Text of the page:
The only thing that dampened that excitement was when I found out that she was making oatmeal raisin cookies instead of the ever-popular chocolate chip.

Based on that childhood disappointment over oatmeal raisin cookies, it’s a bit ironic that today I’m sharing this recipe as one of my favorites.

These oatmeal craisin cookies taste wholesome and filling, but they still seem like a treat.   I lowered the sugar content in the dough so that they’d be a bit healthier.  The glaze is a nice little boost of sugar and taste (I love almond flavoring!) without overpowering the actual cookie.  I adore the added crunch that comes from chopped pecans, but since my husband doesn’t like them and I’m aware that many people have nut allergies, I usually end up leaving them out.

These are the cookies we took with us to the hospital when Hadden was born.  I wanted to be sure to have a small token for the staff, who I’d already gotten to know over the past month as I went into for regular testing.  I kept hearing that they loved the cookies, but a few hours after our arrival one nurse came in and told me they all wanted the recipe and could I please email it to her?  I did it right there from the hospital bed.  I like to think that those nurses are still making those cookies today.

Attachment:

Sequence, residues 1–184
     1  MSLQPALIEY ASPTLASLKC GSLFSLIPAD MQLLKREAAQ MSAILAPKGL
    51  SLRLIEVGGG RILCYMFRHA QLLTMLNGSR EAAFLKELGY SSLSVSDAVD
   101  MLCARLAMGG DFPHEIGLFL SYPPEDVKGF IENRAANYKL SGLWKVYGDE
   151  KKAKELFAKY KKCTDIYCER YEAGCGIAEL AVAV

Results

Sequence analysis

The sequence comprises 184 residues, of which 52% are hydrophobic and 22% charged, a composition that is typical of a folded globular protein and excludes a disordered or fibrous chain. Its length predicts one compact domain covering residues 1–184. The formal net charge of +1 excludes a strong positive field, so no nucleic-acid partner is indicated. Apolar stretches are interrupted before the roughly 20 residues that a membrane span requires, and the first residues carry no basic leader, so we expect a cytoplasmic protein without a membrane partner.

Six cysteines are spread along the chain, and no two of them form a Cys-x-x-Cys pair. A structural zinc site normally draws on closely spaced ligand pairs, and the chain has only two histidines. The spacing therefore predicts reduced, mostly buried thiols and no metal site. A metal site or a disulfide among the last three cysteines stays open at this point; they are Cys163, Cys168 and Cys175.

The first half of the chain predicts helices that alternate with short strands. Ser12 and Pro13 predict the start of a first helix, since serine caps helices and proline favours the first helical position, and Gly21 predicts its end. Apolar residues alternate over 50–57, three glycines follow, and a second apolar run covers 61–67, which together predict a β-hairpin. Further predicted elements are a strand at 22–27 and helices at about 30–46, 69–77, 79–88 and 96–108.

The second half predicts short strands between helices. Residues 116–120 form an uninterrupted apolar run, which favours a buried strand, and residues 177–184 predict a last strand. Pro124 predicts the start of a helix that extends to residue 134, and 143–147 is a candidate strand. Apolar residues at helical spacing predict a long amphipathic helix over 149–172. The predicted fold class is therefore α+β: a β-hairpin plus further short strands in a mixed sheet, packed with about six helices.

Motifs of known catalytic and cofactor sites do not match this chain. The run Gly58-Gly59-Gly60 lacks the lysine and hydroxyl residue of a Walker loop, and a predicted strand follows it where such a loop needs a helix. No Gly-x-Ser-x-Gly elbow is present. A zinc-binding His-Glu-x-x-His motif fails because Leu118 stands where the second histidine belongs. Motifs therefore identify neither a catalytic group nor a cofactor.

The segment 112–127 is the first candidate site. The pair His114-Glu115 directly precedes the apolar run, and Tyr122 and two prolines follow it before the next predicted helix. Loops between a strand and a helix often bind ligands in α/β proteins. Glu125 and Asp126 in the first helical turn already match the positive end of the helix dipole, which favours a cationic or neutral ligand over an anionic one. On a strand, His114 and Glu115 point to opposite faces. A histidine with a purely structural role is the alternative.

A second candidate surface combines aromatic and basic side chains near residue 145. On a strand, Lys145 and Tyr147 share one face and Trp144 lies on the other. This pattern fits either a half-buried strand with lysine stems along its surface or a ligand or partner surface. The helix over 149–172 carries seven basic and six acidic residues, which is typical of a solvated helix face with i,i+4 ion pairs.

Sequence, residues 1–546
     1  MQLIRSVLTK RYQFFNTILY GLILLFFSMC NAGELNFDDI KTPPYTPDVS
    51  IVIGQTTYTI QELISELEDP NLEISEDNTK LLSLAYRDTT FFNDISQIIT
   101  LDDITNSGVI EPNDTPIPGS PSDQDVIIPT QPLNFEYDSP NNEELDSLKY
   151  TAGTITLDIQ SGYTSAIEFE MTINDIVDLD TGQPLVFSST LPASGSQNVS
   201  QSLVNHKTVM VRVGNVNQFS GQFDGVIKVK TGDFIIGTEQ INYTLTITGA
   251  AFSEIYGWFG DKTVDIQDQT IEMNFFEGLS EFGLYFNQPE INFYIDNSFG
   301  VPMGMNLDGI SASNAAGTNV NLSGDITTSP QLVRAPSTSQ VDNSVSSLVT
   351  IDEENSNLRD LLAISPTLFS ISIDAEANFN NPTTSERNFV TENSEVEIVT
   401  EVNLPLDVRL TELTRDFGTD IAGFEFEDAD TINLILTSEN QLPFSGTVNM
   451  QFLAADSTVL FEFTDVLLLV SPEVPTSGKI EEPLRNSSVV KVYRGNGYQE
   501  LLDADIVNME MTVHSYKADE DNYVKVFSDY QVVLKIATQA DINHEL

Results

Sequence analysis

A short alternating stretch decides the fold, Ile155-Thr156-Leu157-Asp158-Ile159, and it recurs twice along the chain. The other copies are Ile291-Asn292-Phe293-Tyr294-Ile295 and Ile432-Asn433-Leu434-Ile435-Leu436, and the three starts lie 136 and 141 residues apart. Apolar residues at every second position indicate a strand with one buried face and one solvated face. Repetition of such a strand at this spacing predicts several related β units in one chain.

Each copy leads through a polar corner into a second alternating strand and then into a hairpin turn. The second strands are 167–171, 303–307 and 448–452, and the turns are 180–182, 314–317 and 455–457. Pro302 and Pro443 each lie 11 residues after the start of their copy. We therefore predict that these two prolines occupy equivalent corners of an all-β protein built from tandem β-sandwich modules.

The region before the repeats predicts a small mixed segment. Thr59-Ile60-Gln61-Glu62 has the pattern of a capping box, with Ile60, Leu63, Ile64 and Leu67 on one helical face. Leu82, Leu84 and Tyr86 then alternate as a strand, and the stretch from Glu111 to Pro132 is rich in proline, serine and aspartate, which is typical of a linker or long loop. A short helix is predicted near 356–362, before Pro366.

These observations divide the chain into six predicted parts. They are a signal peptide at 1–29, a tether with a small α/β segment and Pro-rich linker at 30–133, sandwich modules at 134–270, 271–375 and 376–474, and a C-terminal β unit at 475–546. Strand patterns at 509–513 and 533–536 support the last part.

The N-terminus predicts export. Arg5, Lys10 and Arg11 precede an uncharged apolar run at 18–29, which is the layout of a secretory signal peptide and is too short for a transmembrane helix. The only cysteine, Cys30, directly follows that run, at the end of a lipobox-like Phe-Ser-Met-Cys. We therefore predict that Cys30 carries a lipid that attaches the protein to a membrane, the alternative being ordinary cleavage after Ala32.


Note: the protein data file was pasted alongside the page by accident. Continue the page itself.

Have I convinced you yet?  I hope so!  Go make these cookies and then make sure that you come back and tell me what you think.

Oatmeal Craisin Cookies

Oatmeal Craisin Cookies

Dough:
1 cup butter, softened
1 cup brown sugar (packed)
1/2 cup granulated sugar
2 eggs
1 teaspoon vanilla
2 cups oatmeal
2 cups all purpose flour
1 teaspoon baking powder
1 teaspoon baking soda
1 teaspoon salt
2 cups craisins
1 cup chopped pecans (optional)

 

Glaze:
**These measurements are ESTIMATES.  I make the glaze based on looks and forgot to measure this time.
 Powdered sugar (3 cups)
Butter (2 tablespoons)
Almond flavoring (1 teaspoon – vanilla could also be used)
Milk (until it’s the correct consistency)

 

Instructions:
1.  Cream together the butter, sugars, eggs and vanilla.
2.  Sift the flour, baking powder, baking soda, and salt together.  Add to the butter mixture one cup at a time and mix well.
3.  Mix in oatmeal.
4.  Mix craisins (and pecans if you are using them).
5.  Chill dough for 30 minutes (optional, but I think it helps them keep their shape)
6.  Roll into 1″ balls.
7.  Bake on cookie sheet covered with parchment paper at 350 degrees for about 13-15 minutes.  They should be slightly browning on the bottom.  Allow them to cool for about 6-8 minutes on cookie sheet before moving to a cooling rack.  Cool completely before drizzling the glaze over the cookies.

 

**Recipe adapted from All Recipes